A bat has been named as New Zealand's bird of the year, in a controversial move that has ruffled feathers.
The long-tailed bat had swooped in to clinch the title in an online poll.
Contest organisers had included the bat, one of the country's few land-based native mammals, to raise its profile as a critically endangered species.
But the victory has annoyed some, with one commenter saying the country had gone "batty".
Outraged bird-lovers cried fowl on Twitter, calling it a "total farce", a "stolen election", as well as more colourful and unprintable terms.
Some on social media also saw it as a much-needed public relations victory for bats, after a particularly trying two years.
But environmental group Forest and Bird, which organises the competition every year, said the bat's inclusion was not a bid to restore its image in the wake of the coronavirus pandemic.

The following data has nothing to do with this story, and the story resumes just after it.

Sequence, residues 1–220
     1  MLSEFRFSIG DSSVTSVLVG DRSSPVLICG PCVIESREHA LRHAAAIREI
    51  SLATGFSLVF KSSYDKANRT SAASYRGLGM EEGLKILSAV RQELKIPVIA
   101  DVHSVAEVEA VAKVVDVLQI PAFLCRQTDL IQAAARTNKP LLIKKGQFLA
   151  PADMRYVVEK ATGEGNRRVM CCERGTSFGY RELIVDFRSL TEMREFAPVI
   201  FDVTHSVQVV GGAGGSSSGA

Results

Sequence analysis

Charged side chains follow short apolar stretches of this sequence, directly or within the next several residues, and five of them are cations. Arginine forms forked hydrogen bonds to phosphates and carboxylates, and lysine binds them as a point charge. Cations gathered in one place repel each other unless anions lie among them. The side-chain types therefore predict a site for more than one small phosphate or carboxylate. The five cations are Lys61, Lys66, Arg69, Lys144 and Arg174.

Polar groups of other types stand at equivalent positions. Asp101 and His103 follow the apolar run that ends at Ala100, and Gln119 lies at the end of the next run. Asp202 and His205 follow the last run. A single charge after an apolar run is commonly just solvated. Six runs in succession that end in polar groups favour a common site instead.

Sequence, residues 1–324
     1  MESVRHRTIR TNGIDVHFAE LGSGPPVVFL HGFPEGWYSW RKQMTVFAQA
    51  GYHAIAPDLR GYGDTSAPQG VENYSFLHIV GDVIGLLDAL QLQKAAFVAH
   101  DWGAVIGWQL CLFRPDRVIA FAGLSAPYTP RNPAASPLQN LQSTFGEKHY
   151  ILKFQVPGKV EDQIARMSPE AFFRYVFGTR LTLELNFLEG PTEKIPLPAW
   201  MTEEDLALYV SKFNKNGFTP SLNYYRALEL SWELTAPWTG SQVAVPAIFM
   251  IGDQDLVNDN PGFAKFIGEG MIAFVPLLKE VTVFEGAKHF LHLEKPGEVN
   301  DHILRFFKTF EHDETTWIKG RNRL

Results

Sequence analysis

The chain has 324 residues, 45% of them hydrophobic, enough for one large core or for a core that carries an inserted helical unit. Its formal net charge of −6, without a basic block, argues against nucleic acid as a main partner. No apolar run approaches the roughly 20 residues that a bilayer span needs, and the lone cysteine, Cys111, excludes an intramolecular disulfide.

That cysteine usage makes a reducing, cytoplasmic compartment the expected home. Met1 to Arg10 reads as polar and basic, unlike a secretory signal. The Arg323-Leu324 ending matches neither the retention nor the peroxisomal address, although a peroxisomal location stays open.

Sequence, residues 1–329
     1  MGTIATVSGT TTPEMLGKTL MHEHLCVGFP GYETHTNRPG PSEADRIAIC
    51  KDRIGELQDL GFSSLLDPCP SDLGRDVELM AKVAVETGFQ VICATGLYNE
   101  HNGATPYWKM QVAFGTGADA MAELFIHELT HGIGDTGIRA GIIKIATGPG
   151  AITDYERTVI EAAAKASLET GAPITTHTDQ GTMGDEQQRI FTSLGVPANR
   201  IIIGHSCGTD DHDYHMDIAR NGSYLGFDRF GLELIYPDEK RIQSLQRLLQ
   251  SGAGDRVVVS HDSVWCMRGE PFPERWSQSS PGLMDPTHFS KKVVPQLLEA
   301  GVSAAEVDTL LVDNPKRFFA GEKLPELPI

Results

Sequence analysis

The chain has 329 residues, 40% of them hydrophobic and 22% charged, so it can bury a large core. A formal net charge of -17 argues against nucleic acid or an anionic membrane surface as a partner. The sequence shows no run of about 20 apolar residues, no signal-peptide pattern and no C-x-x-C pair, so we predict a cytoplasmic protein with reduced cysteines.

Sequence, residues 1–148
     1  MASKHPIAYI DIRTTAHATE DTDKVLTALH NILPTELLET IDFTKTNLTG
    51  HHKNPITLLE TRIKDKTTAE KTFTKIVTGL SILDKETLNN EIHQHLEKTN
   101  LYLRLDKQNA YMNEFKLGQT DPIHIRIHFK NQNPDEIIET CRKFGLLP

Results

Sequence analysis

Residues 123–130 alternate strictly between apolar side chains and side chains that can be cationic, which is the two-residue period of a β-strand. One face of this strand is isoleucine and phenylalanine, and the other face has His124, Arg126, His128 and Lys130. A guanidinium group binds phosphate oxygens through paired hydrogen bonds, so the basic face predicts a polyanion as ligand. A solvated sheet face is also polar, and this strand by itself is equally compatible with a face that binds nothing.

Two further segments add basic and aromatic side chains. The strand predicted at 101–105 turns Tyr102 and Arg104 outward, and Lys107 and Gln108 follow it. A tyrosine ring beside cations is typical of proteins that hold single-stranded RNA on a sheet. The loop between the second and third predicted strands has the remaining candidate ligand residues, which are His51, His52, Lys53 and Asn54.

Spokesperson Laura Keown said in a statement that "a vote for bats is also a vote for predator control, habitat restoration, and climate action to protect our bats and their feathered neighbours!"
A huge congratulations to the pekapeka long-tailed bat for winning #BirdoftheYear 2021! 🦇🏆— Forest & Bird (@Forest_and_Bird) October 31, 2021
Despite being our only endemic land mammal, most people don't even know they exist, which makes their win even more outstanding. pic.twitter.com/dZEMNn7t5H
The Bird of the Year contest has been seen as a way to raise awareness of New Zealand's biodiversity and species that are under threat.
In apparent defiance of the laws of scientific taxonomy, Forest and Bird had decided to include a land mammal for the first time this year, saying they faced similar challenges as birds.
The long-tailed bat, also known as the pekapeka-tou-roa and is only the size of a thumb, beat a flightless parrot to win the title.
More than 56,700 people cast their votes, with more than 7,000 for the bat and just over 4,000 for the kakapo, which won the contest last year.
This is not the first time the contest has flown into controversy.
In 2019, hundreds of votes were found to have come from Russia, spurring fears of voter fraud.
Organisers later determined that they were likely to have come from Russian bird-lovers, instead of hackers intent on manipulating the vote.